The vice president urged that Iraq's parliament abandon plans for a two-month summer vacation while U.S. forces are fighting. With important issues pending, including how to share Iraq's oil wealth, "any undue delay would be difficult to explain," Cheney said.
As Democrats clamor for an end to the 4-year-old war and President Bush sags in the polls, the White House is under intense political pressure to show that Prime Minister Nouri al-Maliki's government is making progress. Cheney urged Iraq's leaders to do more to reduce violence and promote political reconciliation.
White House counselor Dan Bartlett said in Washington that Cheney's trip "gives an opportunity at a very high level for this message to be delivered."
Eight days after Bush vetoed a bill setting deadlines for U.S. troop withdrawals from Iraq, the White House also served notice that Bush would veto a follow-up bill drafted by House Democratic leaders that would pay for the Iraq war only into summer. At the same time, Defense Secretary Robert Gates held out hope that troops can begin withdrawing if the Iraqi government makes progress by fall.
Supporters of radical Shiite cleric Muqtada al-Sadr rallied in Baghdad and Shiite areas to the south to protest the Cheney visit and demand the withdrawal of American forces. Protesters in Baghdad and the holy city of Najaf chanted "No to the occupation" and "No to America."
Baghdad was Cheney's first stop on a weeklong trip to the Middle East to seek support from moderate Arab leaders for help in bringing stability to Iraq. The vice president, joined by Gen. David Petraeus, the top U.S. commander in Iraq, and Ambassador Ryan Crocker, met with Iraqi political and military leaders.
"I emphasized the importance of making progress on the issues before us, not only the security issues but also on the political issues that are pending before the Iraqi government," Cheney said.
Earlier, the vice president appeared with al-Maliki, and the prime minister said they had discussed "the challenges that we are facing in our own political process. ... The meeting with the vice president put the foundation for practical steps in order to support our efforts working on both the security front as well as the domestic political issues."
Cheney spent most of the day at the U.S. Embassy inside the heavily protected Green Zone in central Baghdad. He was in the building when an explosion rattled windows and prompted officials to move reporters accompanying Cheney to the basement for several minutes. Witnesses said a mortar or rocket appeared to have been fired from the mostly Shiite areas on the east side of the Tigris River toward the Green Zone.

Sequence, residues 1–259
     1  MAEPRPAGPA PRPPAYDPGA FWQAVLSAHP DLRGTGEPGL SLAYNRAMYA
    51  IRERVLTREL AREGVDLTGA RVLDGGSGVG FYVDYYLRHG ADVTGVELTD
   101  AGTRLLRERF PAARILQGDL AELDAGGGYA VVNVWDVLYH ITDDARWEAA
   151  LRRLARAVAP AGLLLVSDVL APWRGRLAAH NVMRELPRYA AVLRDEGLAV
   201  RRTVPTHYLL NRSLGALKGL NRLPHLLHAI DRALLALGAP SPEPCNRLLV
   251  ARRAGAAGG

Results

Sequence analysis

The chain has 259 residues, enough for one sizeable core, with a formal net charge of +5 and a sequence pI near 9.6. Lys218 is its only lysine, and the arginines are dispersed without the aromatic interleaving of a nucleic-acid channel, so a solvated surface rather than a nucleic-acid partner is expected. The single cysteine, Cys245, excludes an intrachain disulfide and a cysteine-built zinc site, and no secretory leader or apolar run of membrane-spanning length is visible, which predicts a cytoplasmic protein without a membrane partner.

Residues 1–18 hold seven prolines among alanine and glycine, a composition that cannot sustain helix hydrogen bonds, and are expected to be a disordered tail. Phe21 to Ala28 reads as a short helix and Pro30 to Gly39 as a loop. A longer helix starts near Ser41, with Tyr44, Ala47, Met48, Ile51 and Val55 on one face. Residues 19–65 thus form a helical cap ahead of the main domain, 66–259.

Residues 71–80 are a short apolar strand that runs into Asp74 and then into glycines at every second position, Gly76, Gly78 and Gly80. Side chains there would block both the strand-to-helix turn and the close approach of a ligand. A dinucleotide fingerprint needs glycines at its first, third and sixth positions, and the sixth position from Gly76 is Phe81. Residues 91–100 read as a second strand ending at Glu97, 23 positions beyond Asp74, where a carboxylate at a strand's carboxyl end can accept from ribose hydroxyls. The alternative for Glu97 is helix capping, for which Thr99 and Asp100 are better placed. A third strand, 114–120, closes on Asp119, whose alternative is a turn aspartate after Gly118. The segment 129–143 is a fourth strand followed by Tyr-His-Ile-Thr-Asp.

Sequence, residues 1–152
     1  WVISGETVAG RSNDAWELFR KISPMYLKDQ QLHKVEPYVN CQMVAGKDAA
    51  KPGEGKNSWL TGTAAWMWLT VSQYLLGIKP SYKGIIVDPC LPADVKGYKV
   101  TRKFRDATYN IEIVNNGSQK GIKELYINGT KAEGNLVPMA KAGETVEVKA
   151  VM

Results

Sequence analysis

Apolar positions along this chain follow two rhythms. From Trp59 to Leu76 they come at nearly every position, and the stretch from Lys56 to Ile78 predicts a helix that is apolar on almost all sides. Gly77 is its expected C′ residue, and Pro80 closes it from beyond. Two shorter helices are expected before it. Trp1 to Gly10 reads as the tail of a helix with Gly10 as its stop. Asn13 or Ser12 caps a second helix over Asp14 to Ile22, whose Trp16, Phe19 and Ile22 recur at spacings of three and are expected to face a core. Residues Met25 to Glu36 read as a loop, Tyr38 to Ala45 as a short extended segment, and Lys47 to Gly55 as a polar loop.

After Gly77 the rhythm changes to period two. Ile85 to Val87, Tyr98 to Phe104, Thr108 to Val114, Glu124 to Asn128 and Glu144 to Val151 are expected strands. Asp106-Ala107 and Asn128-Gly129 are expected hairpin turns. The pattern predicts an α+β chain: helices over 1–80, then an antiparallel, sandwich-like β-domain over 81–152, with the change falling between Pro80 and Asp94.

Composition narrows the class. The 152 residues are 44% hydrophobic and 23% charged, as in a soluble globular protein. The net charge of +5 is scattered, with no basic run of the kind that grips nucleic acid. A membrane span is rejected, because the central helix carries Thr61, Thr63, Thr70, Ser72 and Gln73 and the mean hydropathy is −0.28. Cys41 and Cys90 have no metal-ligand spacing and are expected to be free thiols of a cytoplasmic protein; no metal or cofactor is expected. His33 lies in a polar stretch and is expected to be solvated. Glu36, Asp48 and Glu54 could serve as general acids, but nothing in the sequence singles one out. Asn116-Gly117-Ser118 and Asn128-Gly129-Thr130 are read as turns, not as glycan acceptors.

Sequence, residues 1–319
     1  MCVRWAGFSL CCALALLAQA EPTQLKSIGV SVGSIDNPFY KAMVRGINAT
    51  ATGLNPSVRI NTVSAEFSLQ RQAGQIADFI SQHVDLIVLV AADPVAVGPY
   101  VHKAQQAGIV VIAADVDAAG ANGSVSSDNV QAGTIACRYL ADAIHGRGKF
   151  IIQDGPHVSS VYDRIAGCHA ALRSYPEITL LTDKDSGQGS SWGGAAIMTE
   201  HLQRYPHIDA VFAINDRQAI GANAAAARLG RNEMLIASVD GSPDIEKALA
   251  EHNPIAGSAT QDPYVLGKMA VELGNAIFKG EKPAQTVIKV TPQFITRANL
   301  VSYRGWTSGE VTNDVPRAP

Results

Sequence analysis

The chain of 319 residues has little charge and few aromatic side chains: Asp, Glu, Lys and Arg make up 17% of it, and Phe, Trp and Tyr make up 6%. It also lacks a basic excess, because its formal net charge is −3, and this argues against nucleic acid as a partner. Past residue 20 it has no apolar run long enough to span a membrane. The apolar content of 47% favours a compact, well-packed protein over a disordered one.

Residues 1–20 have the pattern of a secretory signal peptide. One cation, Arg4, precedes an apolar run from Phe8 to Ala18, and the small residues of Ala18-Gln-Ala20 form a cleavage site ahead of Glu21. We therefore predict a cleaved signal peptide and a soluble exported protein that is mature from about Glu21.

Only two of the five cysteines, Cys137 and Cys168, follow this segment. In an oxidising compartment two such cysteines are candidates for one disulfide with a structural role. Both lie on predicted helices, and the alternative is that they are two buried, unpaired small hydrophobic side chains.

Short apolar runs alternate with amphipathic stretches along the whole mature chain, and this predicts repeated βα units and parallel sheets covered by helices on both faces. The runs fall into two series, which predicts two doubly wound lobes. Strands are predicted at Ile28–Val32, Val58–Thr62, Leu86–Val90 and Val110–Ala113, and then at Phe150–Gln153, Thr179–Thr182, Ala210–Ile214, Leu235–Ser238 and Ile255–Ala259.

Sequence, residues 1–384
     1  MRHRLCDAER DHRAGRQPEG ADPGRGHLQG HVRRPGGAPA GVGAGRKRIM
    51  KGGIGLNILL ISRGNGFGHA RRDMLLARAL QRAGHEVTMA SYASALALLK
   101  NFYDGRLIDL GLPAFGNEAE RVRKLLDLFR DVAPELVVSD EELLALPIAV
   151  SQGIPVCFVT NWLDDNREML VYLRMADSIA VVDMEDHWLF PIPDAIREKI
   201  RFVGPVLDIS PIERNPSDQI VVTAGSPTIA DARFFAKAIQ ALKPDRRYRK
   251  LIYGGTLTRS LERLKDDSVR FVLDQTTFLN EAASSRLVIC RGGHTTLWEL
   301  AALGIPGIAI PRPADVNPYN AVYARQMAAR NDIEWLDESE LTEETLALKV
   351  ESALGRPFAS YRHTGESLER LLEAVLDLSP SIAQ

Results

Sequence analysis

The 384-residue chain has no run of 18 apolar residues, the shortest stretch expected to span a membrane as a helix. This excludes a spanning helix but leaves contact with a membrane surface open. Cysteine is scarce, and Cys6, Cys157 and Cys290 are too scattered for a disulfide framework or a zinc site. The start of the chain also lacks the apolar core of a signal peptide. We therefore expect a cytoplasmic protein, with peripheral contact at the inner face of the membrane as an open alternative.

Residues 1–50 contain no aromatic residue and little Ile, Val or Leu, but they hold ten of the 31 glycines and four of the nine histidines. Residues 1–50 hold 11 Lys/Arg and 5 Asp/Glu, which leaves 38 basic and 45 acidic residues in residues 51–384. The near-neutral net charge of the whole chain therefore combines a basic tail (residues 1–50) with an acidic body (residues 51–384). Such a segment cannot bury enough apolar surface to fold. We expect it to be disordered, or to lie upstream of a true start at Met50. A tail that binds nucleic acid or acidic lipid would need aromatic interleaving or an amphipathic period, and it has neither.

The vice president, at a news conference a half hour later, did not mention the blast. He had been wearing an armor-plated vest when he got off his plane at the airport.
Cheney said that Iraqi leaders felt sectarian violence was "down fairly dramatically" even though car bombings and suicide attacks still claim a heavy toll. "I think everybody recognizes there still are serious security problems, security threats, no question about it. But the impression I got from talking with them ... is that they do believe we are making progress, but we've got a long way to go." Separately, Cheney's spokeswoman, Lea Anne McBride said, "His business was not disrupted (by the explosion). He was not moved." In February, a suicide bomber attacked the main gate of the U.S.-run Bagram Air Base in Afghanistan while Cheney was staying there after having been stranded by a snowstorm. The vice president was rushed to a bomb shelter but was not injured. That explosion killed 23 people, including two Americans, and delivered a propaganda blow that undercut the U.S. military and the weak Afghan government it supports. The vice president's visit came two days after Bush held a video conference with al-Maliki about the need to move forward on political reconciliation among the majority Shiites, the Sunnis and the Kurds. Al-Maliki's aides said the prime minister had reassured Bush he was pushing to meet benchmarks but noted that disbanding militias would take time. AP-CS-05-09-07 1827EDT